The recent notorious dismissal in Donald Trump’s administration is the dismissal of White House Communications Director Anthony Scaramucci, who did not hold his post for even two weeks. This dismissal, with all its tragicomedy, pointed out one of the main problems of the 45th U.S president. It can be defined as a lack of a tight-knit team, united by internal discipline, with the ability to work toward a common goal and have a clear understanding of where the country is going. The first sign was Donald Trump’s National Security Advisor Michael Flynn, and then all hell broke loose. Leaks, testifying to the struggle of personal ambitions, mutual hostility and assertiveness at the expense of others, suggest that Scaramucci is not the last in the list of retirees. New dismissals are further down the road. It's time to stock up on popcorn for the spectators who are watching this White House performance.
Scaramucci’s story is interesting not only because he had all the chances to leave his mark on American political history as a person who worked in his position for an unprecedented short amount of time. The career path of the former communications director, who, before joining the White House, managed to work as a financier, public activist and an expert, and who at first supported Democrat Barack Obama then switched to the camp of his Republican opponent Mitt Romney, shows that Scaramucci is a typical “here today, gone tomorrow” kind of person — a “specialist in all matters,” a meddler who has no backbone and whose beliefs constantly change depending on the environment. Today Trump’s administration consists of such random people. It is a conglomerate of employees, which can be called the "collective Scaramucci."
Why did it happen this way? The deal is not that a person new to big politics came to the White House and forced everyone to start from scratch. Basically, Trump's two predecessors — George W. Bush and Barack Obama — were also newcomers according to Washington standards. George W. Bush was the representative of the Bush clan, who after moving to the capital from Texas, tried to position himself as a president who wanted to change the hated Washington political culture — the personification of which, for him, was Bill Clinton. Obama came to replace Bush; a senator from Illinois who did not have much political experience, and who also tried to play the card that U.S. leadership needed new faces, fresh blood.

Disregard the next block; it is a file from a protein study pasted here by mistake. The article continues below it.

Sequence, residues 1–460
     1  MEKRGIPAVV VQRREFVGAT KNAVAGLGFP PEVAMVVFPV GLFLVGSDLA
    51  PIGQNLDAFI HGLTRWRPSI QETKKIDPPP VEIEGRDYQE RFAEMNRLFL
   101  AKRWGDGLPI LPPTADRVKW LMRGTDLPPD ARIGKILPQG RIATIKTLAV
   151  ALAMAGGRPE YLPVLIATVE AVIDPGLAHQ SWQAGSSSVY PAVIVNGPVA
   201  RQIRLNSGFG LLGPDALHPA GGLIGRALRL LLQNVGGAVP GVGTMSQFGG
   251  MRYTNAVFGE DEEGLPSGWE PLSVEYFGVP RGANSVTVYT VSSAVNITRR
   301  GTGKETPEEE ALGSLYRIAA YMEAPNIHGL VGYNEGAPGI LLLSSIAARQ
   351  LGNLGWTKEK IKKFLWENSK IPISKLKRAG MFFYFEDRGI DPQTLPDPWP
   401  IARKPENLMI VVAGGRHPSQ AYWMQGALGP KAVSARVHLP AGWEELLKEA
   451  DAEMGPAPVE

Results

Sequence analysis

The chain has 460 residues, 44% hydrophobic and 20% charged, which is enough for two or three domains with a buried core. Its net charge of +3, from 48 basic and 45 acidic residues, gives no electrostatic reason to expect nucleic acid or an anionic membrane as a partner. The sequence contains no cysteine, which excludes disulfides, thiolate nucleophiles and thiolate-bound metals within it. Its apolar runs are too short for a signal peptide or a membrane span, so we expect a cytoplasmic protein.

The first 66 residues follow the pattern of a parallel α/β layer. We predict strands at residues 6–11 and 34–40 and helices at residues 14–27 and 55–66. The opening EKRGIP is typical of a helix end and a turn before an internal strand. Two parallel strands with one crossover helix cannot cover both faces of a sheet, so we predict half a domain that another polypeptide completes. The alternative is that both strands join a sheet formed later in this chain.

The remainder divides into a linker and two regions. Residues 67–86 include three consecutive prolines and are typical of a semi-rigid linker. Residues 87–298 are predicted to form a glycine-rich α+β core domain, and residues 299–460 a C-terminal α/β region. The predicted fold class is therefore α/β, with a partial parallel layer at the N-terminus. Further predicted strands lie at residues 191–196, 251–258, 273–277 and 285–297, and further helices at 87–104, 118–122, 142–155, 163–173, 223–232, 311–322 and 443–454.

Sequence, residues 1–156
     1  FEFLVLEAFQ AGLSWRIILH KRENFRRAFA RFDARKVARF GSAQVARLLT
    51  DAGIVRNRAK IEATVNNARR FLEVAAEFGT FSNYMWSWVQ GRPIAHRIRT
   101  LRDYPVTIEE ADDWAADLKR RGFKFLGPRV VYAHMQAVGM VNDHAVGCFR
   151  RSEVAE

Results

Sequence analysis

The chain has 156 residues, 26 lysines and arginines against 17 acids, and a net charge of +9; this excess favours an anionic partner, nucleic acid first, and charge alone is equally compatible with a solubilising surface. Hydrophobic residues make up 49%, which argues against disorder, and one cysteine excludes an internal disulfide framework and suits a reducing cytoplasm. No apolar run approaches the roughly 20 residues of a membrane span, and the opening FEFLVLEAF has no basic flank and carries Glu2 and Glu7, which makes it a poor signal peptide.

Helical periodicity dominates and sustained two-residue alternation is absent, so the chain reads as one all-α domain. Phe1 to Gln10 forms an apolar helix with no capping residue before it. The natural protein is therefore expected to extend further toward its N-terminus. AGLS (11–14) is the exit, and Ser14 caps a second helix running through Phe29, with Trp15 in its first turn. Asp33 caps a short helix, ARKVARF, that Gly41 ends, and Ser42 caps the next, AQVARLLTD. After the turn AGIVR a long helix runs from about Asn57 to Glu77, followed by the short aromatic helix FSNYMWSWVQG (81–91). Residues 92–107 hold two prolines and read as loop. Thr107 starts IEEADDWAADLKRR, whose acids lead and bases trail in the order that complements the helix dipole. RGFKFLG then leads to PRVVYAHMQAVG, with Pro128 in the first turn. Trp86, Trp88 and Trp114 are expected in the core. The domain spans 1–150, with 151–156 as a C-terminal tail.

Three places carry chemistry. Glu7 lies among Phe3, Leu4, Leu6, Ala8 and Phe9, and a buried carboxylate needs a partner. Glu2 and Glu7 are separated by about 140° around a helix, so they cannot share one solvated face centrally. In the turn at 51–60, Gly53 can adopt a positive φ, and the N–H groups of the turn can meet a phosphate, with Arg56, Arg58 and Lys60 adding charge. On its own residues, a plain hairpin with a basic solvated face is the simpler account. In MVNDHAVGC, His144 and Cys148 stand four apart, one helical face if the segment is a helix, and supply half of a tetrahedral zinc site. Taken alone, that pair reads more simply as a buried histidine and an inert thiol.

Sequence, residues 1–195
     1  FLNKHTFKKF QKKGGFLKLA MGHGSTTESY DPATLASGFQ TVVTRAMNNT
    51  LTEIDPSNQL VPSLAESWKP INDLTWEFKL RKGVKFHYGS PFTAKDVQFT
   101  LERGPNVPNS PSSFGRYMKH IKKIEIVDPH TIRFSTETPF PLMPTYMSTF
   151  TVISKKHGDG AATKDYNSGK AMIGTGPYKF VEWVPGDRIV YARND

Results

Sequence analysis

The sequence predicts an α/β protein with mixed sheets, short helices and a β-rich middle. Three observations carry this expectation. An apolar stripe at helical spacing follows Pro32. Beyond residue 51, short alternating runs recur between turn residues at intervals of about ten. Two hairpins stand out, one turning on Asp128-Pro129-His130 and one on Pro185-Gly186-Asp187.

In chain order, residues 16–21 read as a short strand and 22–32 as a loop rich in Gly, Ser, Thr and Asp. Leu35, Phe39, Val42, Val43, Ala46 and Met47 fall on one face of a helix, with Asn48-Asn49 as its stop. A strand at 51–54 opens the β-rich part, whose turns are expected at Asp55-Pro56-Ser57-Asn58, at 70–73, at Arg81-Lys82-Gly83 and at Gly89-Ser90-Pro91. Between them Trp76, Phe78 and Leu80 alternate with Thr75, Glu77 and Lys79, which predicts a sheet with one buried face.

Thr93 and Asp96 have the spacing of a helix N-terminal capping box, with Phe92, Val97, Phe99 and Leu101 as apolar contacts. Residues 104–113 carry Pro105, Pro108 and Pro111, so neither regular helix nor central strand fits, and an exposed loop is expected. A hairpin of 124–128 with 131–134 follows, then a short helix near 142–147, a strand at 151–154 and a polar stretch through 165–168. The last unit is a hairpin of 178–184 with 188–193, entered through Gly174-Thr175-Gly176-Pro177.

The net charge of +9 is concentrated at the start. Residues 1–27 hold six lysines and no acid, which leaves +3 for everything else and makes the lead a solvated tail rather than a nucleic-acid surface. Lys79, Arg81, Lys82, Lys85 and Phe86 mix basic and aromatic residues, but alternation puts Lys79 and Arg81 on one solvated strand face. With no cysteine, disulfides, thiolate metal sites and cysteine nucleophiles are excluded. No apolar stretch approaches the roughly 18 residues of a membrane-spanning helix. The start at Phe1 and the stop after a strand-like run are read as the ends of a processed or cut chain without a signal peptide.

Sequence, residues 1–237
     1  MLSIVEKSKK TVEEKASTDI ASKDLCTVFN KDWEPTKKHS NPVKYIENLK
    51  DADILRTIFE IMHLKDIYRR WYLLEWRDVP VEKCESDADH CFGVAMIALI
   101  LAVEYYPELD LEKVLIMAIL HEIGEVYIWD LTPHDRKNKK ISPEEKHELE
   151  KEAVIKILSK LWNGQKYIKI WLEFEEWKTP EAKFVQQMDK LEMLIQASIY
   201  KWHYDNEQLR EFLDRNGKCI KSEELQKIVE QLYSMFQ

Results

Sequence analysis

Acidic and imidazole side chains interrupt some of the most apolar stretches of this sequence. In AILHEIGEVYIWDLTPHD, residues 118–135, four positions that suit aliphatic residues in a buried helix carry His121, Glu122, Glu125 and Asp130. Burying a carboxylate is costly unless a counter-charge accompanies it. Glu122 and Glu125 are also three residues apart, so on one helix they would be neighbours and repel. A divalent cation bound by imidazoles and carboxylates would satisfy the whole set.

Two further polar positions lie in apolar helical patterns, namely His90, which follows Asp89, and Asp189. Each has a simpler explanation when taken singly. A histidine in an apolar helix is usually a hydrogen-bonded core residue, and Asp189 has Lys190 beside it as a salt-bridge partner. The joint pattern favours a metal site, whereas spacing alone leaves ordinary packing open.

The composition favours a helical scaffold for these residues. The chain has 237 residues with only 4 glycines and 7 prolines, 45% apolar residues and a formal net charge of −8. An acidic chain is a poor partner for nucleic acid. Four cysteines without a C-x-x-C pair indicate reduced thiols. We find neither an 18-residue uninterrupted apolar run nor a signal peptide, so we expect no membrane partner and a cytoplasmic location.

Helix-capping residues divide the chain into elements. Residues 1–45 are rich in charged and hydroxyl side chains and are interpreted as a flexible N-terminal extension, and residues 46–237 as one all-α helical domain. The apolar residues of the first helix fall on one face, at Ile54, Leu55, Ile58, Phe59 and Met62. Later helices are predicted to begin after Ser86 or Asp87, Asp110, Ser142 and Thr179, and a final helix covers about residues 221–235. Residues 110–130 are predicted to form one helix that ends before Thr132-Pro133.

However, neither George W. Bush nor Obama fully broke ties with the political party establishment. The backbones of their teams consisted of professionals with significant managerial and political experience, and they were surrounded by groups of like-minded people. George W. Bush had Dick Cheney and Donald Rumsfeld; Obama had John Kerry and Joseph Biden. The very same Kerry who, before joining the U.S. Department of State, not only managed to run for president but was officially nominated by the Democratic Party for the presidency in the 2004 elections. There are no such supporting figures who are capable of taking over the game without violating team discipline in Trump’s surroundings. His team was created on the principle that every little bit helps (relatives, friends, confidants, sponsors of his campaign). Even the presence of such figures as Vice President Mike Pence does not save the situation.
Thus, new dismissals that will further shake the White House are inevitable. And the president himself, with such a retinue, more and more resembles the very king about whom people say, “The emperor has no clothes.”*
*Translator's Note: This saying is from "The Emperor's New Clothes," a short tale, written by Danish author Hans Christian Andersen, about two weavers who promise an emperor a new suit of clothes that they say is invisible to those who are unfit for their positions, stupid, or incompetent.